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Film Reviews "The Last Blast" is a road film and a story of a journey Film News And Views - Film Reviews - "The Last Blast" is a road film and a story of a journey Film Reviews,,"The Last Blast" is a road film and a story of a journey,recommendation,shopping,advice,simple,movies,films,film news and views,news and views,film industy,movie reviews,film news,film,news,views,television,made for tv movies,interactive entertainment,hollywood,hollywood news,celebrity news,insiders perspective,film reviewer,watch film,film trailer,new releases,new release,new release movie,new release film,movie reviewer,opinion,viewpoint,forum,discussion
"The Last Blast" is a road film and a story of a journey

by Erik Sean McGiven on May 01, 2008

"The Last Blast" is a road film, a journey where the Spirit of the Sixties battles the fight for today. It's a trip back in time when the open road meant freedom and the words peace and love had real meanings.  

<>What a pleasure it is to discover a movie that compares the spirit of the sixties with the chaos the world is facing today.  This is not a debate but a journey of one troubled soul trying to make sense of the world she lives in and her finding answers that date back some forty years.   <> 

"The Last Blast" begins at a punk rock club in Bern, Switzerland where Helenka (played by newcomer Mimie LaGrande) contemplates her nightmarish life.  A young rambunctious Swiss punk girl with a destructive edge, she spoils the local Nazi's festivities with a mixture of lighted petrol and rotten meat.  Her drug dealing stepfather hates her and her mother, a hopeless junkie, overdoses.  Then she discovers her boyfriend is cheating on her.  Alone and depressed, she seeks the only refuge left in her life, Eddie, her estranged father living in Arizona.   <>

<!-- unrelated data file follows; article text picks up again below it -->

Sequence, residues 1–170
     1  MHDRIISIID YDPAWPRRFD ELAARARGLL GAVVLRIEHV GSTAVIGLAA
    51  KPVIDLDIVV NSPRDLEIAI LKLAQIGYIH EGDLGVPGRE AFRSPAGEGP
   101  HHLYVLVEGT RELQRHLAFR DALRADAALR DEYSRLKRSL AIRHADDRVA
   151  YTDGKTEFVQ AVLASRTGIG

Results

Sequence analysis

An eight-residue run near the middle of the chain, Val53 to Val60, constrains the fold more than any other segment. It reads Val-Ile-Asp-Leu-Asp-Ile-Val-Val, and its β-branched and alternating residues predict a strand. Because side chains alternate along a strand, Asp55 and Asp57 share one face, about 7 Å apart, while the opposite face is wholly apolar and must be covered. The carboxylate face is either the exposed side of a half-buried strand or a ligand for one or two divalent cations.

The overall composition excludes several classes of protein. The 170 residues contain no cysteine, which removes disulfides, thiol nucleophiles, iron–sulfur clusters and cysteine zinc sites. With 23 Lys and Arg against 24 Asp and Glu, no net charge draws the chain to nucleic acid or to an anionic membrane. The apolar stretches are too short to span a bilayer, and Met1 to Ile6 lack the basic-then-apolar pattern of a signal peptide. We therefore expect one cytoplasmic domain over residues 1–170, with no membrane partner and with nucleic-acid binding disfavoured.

Eddie (Rab Reilly - "American Cousins") was planning a crazy motorbike trip to the Burning Man Festival in Nevada so when Helenka arrives unexpectedly he asks her to come along.  It was a trip he had long planned to take with her mother.  From Tucson they cross the scorching deserts into California and north to Nevada.  Slowly Helenka and her father get reacquainted but soon realize how different they are.  Helenka has been raised on a diet of hardcore punk, the toughest of realities and an attitude to boot.  Eddie is an easy-going hog-riding hippie and riding his bike he relives the spirit of the sixties, the happiest time of his life.  <> 

Helenka's rebellious ways test Eddie's laid-back life.  He tells her to "chill out" and enjoy the trip.  She strikes out at the establishment while her father's philosophy is 'make love, not war.'  Yet while their ideologies clash they slowly bond as father and daughter.  On the trip they are joined by Eddie's old friend, Grips, played by Heinz Hoenig (Das Boot).  Grip is a bit eccentric and owns a dream of a bike, a 1974 Norton Combat Commando. <> 

The mood in this movie reminds me of the old westerns, shot in the half-light of doorways and open sheds against the expansive vistas of the southwest.  It's almost as if the distant horizon is beckoning and pulling them toward their true destinies.  And instead of horses, motorbikes whisk them along the winding roads and stretches of land that housed the mythic American creation of the western.   The vintage bikes give depth to the story, each with its distinct exhaust bark, and along with the energy-driven traveling music create the feeling that freedom is just around the next bend.  <> 

Mimie LaGrande's character exudes a groping troubled young woman searching for some clarity in her life.  Though extremely attractive, Helenka has a tough outer shell that reflects a turbulent past.  Her callous heart is one that has been broken many times.  Thus her renewed relationship with her father takes a long time to blossom.  While they argue and pout they gradually accept one another and traces of the little girl in her start to beautifully emerge.  In early portions of the trip, Helenka is just a fixture on the back of the motorcycle but as the relationship warms, she clings to her daddy like a young child.  By the end of the film, she leaves the nest, transformed into a much stronger person who can fend for herself.   And her anger is now her energy, controlled and purposeful.  An impressive heartwarming performance to say the least. <>